September 19th, 2022
The processing of proteinaceous crops requires industrial processes, as developed by SiccaDania. Originally active in the dairy and starch industry, this company also supplies the technology for processing legumes into high-quality protein.
The increase in the world population explains the increasing pressure on the availability of animal proteins. This leads to a growing demand for vegetable proteins. In the sixties, the United States began with the industrial processing of soybeans. This is because of the favourable cultivation properties and the high concentration of protein. In Europe, France and Belgium the focus was on the extraction of protein from peas. Meanwhile, the rest of Europe, Canada and China export protein extracted from soy and peas on a large scale.
Vegetable protein finds its way into various products, such as meat and dairy substitutes, food supplements, gels and coatings. Due to the increasing demand to be able to cope, and to be able to make protein on the different continents, companies and countries have begun looking at alternative crops. These include broad beans, chickpeas, lentils and mung beans, but also quinoa and rapeseed. Even by-products from the food industry, such as spent grains from beer production, have an interest.
For the processing of these crops, industrial processes are required, such as those developed by SiccaDania. This company is originally active in the dairy and starch industry and has branches all over the whole world. SiccaDania has during the past few years made the strategic choice to bet on technology for processing legumes to high-quality proteins. SiccaDania has, with support from its Innovation Center in Birkerød (near Copenhagen, Denmark), developed complete processes.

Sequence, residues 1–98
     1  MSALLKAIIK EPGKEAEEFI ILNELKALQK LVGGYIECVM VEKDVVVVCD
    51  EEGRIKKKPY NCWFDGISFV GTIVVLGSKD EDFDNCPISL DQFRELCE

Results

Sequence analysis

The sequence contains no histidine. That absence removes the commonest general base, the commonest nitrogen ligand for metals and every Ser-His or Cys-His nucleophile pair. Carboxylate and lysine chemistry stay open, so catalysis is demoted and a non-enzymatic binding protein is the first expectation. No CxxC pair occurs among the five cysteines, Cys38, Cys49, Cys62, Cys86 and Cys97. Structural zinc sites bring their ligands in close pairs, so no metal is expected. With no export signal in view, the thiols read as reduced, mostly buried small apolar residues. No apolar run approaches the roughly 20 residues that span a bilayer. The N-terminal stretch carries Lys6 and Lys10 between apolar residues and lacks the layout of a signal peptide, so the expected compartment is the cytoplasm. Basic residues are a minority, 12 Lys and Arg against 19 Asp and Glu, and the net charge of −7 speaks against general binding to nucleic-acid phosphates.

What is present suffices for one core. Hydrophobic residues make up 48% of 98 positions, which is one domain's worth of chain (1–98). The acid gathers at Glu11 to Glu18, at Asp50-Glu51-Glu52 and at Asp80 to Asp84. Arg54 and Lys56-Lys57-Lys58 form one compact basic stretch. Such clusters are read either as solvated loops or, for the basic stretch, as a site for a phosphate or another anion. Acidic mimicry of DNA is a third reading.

It’s not just for proteins, but also for the other components in the crops. Through the unique ‘One-In-All-Out’ process, the starch and fibre are also and, if desired, processed into food ingredients. The wastewater from the processing process can be discharged as low tax or even reused as clean process water. The residual flow can be reduced to a fertilizer for plants. The One-In-All-Out process has in comparison with other processes an almost twenty percent higher protein yield. This translates to a short payback period. SiccaDania is continuously working to improve the process efficiency and quality of the products (such as smell, taste, colour and texture).
SiccaDania supplies numerous sub-processes worldwide to protein producers. SiccaDania has also recently completed a factory for processing beans as well as potatoes. Early this year in Denmark, SiccaDania started building a protein factory based on broad beans. This includes the design, construction and installation of the complete process. This is done under full in-house project management. The ambition is the realisation of a completely closed process, without emissions and with minimal water and energy consumption.
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The original article from BULK Magazine